Big Boss Lady

CRL knows how to buy friends and influence people.

CRL also hired more than a dozen local political activists who are close to Mayor Webb to work on the AT&T campaign, including former city clerk Arie Taylor, Urban Spectrum publisher Bee Harris and Democratic campaign consultant John Soto. Several former aides to Denver City Council members also worked for AT&T, including former Ed Thomas aide Andy Nicholas and former Polly Flobeck aide Jeanne Robb.

CRL frequently hires activists who have done favors for the mayor -- either by working on his campaign or by providing links to important constituencies or neighborhood groups -- to work under contract on elections. For the AT&T campaign, CRL hired controversial Million Man March organizer and former Webb aide Alvertis Simmons, as well as Dick Bjurstrom, the chairman of the Inter-Neighborhood Cooperation group, an alliance of more than seventy Denver neighborhood associations. (CRL has even offered to pay the salary of an executive secretary for the board of the INC, a handout that was criticized by at least one neighborhood activist as a potential conflict of interest.)

This revolving door between city government and CRL troubles many people, and some wonder if the city of Denver is being run by elected officials or by Garcia Berry.

Ears wide shut: Councilman Ed Thomas is wary of the power of lobbying.
David Rehor
Ears wide shut: Councilman Ed Thomas is wary of the power of lobbying.
A queen's castle: Maria Garcia Berry knows how to get around city hall.
David Rehor
A queen's castle: Maria Garcia Berry knows how to get around city hall.

Details


Previous Westword articles

This State for Sale
May 13, 1999
A Westword special report on money and influence in Colorado government.

"Everybody hires her because they all believe she has her votes lined up on city council," says one longtime Denver political consultant. "The thing that bothers a lot of people is the enormity of the conflict of interest. If the convention center passes, she'll be looking toward getting that [bond] business for Dain Rauscher and the construction contract for Mortenson. Her client list is unbelievable."

"I think she pushes the envelope," says rival Denver lobbyist David Cole.

Most of Garcia Berry's critics interviewed for this story asked not to be named, expressing a fear of retribution.

"She's a fascinating woman, but I wouldn't cross her," says one. "I'd like to live longer than that."


Sitting across from Maria Garcia Berry at lunch -- a perch usually occupied by powerful clients -- it's almost impossible not to like her.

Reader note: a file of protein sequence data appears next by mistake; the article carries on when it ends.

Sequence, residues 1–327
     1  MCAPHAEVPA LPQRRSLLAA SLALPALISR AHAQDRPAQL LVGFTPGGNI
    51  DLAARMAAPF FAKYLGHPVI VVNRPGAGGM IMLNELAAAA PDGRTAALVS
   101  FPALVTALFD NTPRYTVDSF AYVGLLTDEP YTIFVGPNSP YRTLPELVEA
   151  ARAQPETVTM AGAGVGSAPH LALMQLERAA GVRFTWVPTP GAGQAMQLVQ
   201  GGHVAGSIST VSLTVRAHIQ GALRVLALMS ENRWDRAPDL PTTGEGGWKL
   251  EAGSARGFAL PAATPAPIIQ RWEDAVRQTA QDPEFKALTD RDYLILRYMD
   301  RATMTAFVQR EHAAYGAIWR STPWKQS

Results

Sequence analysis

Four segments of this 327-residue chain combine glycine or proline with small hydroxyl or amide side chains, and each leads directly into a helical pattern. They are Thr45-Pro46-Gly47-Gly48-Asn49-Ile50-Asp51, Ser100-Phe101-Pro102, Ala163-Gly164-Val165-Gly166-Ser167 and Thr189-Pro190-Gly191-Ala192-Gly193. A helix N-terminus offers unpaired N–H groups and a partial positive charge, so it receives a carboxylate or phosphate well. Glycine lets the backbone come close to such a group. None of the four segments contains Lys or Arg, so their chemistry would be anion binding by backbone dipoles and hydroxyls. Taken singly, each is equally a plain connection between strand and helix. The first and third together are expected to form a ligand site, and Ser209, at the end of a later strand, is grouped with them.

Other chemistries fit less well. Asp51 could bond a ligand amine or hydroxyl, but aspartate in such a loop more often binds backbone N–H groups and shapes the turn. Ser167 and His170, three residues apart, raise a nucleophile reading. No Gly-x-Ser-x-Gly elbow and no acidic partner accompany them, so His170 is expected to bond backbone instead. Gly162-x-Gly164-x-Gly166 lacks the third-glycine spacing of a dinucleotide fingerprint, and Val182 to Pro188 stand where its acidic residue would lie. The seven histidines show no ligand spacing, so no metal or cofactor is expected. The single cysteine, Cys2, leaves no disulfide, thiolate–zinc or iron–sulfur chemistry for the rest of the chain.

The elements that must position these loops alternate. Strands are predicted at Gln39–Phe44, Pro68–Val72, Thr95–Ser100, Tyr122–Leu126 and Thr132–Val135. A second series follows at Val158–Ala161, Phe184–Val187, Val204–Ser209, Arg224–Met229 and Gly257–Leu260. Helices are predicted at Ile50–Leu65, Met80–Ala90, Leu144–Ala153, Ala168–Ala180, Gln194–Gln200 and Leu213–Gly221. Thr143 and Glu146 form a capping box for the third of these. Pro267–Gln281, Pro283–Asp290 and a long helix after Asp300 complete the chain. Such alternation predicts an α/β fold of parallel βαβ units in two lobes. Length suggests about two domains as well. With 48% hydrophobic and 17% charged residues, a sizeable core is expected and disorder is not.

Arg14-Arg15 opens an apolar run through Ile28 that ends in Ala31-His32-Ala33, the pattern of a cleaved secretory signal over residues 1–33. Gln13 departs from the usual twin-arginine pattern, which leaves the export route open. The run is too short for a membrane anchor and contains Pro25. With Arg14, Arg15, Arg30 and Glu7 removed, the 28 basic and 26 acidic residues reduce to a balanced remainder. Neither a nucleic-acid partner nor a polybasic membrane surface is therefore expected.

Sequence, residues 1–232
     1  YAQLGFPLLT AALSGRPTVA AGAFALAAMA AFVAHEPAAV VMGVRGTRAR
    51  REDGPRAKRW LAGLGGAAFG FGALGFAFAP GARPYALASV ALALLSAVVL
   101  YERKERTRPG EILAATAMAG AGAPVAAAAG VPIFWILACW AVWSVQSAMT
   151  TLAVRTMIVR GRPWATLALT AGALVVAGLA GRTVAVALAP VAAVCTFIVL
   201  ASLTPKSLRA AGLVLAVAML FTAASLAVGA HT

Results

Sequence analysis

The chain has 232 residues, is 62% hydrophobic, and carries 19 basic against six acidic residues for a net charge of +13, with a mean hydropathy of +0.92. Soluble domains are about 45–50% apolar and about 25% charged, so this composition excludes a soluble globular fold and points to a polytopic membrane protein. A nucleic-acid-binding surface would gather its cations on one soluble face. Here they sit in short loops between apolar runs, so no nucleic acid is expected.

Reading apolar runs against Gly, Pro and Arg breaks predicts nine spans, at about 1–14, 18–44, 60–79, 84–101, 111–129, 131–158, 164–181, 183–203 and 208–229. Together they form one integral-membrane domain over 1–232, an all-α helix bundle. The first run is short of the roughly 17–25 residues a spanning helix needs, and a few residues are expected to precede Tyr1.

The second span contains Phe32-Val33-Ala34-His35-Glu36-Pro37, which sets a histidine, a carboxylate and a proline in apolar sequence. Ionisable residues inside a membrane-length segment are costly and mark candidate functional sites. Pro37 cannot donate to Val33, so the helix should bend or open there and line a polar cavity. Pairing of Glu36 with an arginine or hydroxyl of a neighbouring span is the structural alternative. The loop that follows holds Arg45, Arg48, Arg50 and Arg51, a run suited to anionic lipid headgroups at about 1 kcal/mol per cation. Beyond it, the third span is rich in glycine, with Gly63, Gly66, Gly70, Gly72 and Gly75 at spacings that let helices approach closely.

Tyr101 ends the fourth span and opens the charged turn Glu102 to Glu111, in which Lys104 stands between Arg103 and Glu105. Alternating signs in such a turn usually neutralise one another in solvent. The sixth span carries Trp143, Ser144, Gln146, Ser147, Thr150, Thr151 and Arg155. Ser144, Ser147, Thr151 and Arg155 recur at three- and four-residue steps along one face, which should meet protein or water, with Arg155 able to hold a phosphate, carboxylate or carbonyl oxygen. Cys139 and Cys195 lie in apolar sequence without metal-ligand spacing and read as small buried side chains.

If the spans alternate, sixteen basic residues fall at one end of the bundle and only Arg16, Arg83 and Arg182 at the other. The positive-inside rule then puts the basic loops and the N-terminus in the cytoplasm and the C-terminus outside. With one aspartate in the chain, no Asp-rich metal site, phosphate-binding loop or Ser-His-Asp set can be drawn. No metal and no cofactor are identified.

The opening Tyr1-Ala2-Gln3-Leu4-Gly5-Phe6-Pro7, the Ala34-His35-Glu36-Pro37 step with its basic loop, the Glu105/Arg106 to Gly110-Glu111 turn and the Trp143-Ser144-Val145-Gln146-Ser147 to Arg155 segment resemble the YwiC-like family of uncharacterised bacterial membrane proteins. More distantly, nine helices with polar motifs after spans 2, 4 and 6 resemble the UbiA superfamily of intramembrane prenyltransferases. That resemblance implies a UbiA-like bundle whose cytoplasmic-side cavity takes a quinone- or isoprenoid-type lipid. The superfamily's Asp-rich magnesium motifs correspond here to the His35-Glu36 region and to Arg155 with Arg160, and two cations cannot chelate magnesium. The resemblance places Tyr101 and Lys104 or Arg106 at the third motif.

With a hearty laugh and lovely brown eyes, the 46-year-old Garcia Berry brings a bit of Latin calor to the sometimes dreary world of local politics. She's quick to pick up on what her lunch partner is drinking and order another, and her cell phone rings incessantly. Garcia Berry seems to be available to her clients 24 hours a day.

Chatting on her cell phone with Lakewood's city manager about a hotly contested ballot issue, Garcia Berry's voice rises excitedly as she talks about the coming election, and it's clear that a good fight rouses the political animal that's never far from the surface.

She loves to tell war stories and reminisce about her introduction to politics in the heady days of the 1970s, when "we were all young and skinny." Politically, she has evolved from a grassroots activist in George McGovern's Democratic presidential campaign to become the Republican wife of former speaker of the Colorado House of Representatives Chuck Berry (Berry is now an attorney with the powerhouse firm of Holme Roberts & Owen). Her personal and political story gives her extraordinary access to the top people in both parties, a lobbyist's dream come true.

But the idealistic young reformer of the 1970s is now the consummate insider of the 1990s, manipulating local politics through campaign donations and closed-door networking. Not many people in Denver could afford to hire Garcia Berry at $250 an hour -- only those with lucrative interests to protect.

And yet in her own mind, she's still loyal to her youthful idealism, and she can survey the cityscape from her 24th-floor downtown office, at 1625 Broadway, to prove it. She can see the new Pepsi Center, which wouldn't have been built if she hadn't helped break the stalemate between the city and the arena's developer. The Colorado Convention Center is anchored on 14th Street, in large part because of her efforts. Across the Platte River, the new Broncos stadium rises from the ground, another city-brokered deal in which she had a hand. And as she looks out over the Front Range, she can picture dozens of new schools welcoming students, the result of bond issues her firm helped to pass.

And far below is the City and County Building, the stage where she manipulates the players in these dramas.

She's extremely proud of these projects, and while all of this new construction has helped make her clients rich, Garcia Berry sees them as amenities that make life better for the public. In many ways, she has fashioned a career that mirrors her life: a spicy concoction that mixes the public and private realm, greed and idealism, power and compassion, Cuba and Colorado.

While many Americans have become blasé about politics, Garcia Berry is emphatic about why politics matter.

"My parents had to leave Cuba because of politics," she says.

Garcia Berry was eight years old when her parents put her on a plane to Miami with friends of the family. Her parents made the difficult decision to flee the Castro dictatorship in 1962 and send their only child to the United States even before they themselves had permission to emigrate. For four months, young Maria, who didn't speak a word of English, waited for her parents to join her.

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